Israel will not accept a Middle East peace agreement that is forced on it by external forces, Prime Minister Benjamin Netanyahu reportedly said in private meetings in recent days, sources said Wednesday.
Netanyahu reportedly told close aides that "it won't work and it won't be acceptable if a settlement is forced on us," stressing the need to ensure proper security arrangements as part of any future peace deal.
For that end, the PM reportedly said, Israel would have to retain a military presence along its eastern border with Jordan, adding that any agreement that doesn't allow for those measure will not be accepted.
Netanyahu's comments came as the Washington Post quoted senior U.S. officials as saying earlier Wednesday that President Barack Obama was weighing the possibility of submitting a new American Middle East peace plan by this fall.
Also Wednesday, in a press conference in the Prime Minister's Office in Jerusalem, Netanyahu said differences with Washington over a disputed construction project in East Jerusalem were yet to be resolved, signaling a continued deadlock in the U.S. push to restart Mideast peace talks.
Netanyahu said the sides are still trying to find a solution but defended his government's contentious construction that has been at the heart of the spat, saying it's a long-standing Israeli policy.
"There are things we agree on, things we don't agree on, things we are closing the gap on. We are making an effort," Netanyahu said of the talks with the U.S.
He spoke at a news conference called to trumpet the accomplishments of his first year in office.
The U.S. has been pressuring Israel to halt construction in east Jerusalem, the section of the holy city claimed by the Palestinians. Israel considers all of Jerusalem to be its eternal capital.
The dispute erupted into a crisis last month when Israel announced plans to build 1,600 new homes for Jews in east Jerusalem during a visit by Vice President Joe Biden. The announcement infuriated the Americans, who demanded the project be canceled, and derailed a plan to restart peace talks.
Netanyahu accused the media of blowing the disagreement out of proportion.
"What is being published doesn't fit what we are talking about," he said. "Apparently the discussion between us is more serious and more to the point than what is generally believed."
Netanyahu also said at the press conference that his was a "goverment of action," adding that "the public is unaware of most of the actions" undertaken by the government.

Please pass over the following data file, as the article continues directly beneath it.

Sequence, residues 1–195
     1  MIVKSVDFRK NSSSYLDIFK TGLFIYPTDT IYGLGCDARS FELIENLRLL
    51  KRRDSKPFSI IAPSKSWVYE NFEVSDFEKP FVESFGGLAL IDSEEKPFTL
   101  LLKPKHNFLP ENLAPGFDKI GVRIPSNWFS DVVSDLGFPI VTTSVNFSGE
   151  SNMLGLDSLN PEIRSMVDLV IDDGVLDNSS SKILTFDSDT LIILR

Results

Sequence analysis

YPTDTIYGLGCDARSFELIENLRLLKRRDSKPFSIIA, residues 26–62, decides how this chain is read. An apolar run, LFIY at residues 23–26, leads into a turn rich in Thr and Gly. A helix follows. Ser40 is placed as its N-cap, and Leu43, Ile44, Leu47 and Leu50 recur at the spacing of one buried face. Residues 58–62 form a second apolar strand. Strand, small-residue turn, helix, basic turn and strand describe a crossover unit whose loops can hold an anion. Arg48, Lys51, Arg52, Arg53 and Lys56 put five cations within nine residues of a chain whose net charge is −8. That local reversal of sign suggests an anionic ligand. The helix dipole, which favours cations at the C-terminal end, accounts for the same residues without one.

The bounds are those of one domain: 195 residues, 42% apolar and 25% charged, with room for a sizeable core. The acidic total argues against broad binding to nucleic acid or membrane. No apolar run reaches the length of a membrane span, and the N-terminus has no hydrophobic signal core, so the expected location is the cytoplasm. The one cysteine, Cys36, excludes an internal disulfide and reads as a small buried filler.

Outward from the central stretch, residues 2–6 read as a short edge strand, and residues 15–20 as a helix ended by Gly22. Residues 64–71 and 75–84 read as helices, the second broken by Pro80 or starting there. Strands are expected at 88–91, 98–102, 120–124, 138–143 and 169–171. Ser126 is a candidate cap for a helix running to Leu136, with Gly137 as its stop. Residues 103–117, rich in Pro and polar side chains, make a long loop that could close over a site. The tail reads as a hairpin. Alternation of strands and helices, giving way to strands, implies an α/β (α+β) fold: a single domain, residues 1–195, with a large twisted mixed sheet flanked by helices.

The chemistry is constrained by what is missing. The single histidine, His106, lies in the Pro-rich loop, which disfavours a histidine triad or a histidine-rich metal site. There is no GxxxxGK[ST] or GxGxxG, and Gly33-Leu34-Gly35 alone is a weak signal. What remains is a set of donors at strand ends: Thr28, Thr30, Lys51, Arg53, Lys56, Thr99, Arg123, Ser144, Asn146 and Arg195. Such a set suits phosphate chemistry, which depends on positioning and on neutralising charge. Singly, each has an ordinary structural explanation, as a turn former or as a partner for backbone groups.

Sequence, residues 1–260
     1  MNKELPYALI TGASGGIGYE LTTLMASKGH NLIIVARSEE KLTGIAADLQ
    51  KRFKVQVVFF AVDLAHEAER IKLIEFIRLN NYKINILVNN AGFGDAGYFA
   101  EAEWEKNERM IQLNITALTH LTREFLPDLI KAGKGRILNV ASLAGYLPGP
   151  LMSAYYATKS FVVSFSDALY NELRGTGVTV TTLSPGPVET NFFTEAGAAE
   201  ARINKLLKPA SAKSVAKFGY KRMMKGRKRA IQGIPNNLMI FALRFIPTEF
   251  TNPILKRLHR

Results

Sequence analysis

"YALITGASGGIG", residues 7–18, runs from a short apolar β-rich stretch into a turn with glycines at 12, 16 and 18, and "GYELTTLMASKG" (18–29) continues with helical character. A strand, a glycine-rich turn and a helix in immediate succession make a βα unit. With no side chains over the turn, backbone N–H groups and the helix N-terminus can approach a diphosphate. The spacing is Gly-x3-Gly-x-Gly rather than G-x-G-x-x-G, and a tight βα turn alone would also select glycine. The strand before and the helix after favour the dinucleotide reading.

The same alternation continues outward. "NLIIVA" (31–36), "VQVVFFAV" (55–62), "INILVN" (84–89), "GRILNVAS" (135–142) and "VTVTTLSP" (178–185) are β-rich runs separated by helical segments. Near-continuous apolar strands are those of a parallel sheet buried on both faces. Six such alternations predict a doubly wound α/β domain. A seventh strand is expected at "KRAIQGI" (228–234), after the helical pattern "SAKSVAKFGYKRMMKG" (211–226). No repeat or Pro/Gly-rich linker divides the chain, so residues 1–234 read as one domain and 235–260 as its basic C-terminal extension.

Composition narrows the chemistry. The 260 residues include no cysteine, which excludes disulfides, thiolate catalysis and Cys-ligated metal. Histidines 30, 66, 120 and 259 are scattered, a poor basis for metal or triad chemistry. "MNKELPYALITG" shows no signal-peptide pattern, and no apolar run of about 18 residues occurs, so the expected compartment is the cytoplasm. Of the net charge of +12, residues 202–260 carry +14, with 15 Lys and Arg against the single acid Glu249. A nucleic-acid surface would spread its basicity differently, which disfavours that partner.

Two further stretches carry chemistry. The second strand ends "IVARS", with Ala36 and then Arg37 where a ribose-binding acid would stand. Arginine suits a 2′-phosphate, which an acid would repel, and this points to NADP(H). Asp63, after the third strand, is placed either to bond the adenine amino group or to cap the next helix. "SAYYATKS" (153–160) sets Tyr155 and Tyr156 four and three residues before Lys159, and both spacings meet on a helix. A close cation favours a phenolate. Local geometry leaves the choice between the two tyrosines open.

Netanyahu added that his government made 1,500 decisions in the past year, but said he wasn't going to go into detail on them.
The prime minister spoke of the continued firing of rockets by Gaza militants into Israel, and said that in the past year, his government adopted a new policy of "quick response" to any incident of rocket fire.
"We are looking out for Israel's security interests while at the same time trying to renew the peace process," Netanyahu said.
Netanyahu also spoke of the deal to release abducted IDF soldier Gilad Shalit, and said that Israel is willing to go a long way in order to push the deal forward. "Up to this point, we haven't gotten a response from Hamas. I must note that when I asked, I did get a sign of life - the video of Gilad. We are taking actions to bring him home that we can't always elaborate on," the prime minister stressed.
The Prime Minister commented on the recent tensions between Defense Minister Ehud Barak and IDF Chief of Staff Gabi Askenazi, and the decision not to extend Ashkenazi's term.
"Every organization must refresh its chain of command, even when there are people of quality at its head," said Netanyahu. "Actually, it wasn't a decision - it is a long standing rule that the IDF Chief of Staff serves a four-year term only," said Netanyahu.
Netanyahu also said that Israel is on its way to becoming a regional economic power, as well as a world technological power.
"Under my leadership, Israel's economy successfully recovered from the world economic crisis, and in order to complete the process, we must free the economy from bureaucracy," Netanyahu said.
The Prime Minister also said that during his time in office, gaps in Israeli society have decreased, speaking of the gaps between the rich and the poor as well as those between the young and the elderly. "These are one of the social steps that I am most proud of," said Netanyahu.
Kadima, the leading opposition party, reacted harshly to Netanyahu's speech.
"Netanyahu lives in Bibiland, not in Israel," Kadima said in a statement. "Netanyahu's trickery is meant to throw sand in the eyes of the public and artificially blur the crushing failure of the most over-sized and wasteful government in Israel's history."
"Nothing can hide the fact that in one year Netanyahu's conduct has led to an absolute collapse in Israel's standing in the international community and a severe rift with the United States during an important and sensitive time period for Israel's national security interests."
Netanyahu was also attacked from his political right flank by National Union MK Yaakov Katz.
"Netanyahu hid from the public three grave things that were done by his government on his initiative: he gave authority over the heart of Israel to foreigners, he decreed a racist edict to forbid Jews from building homes and he instructed the housing minister not to build in neighborhoods of Jerusalem liberated during the Six-Day War," Katz said
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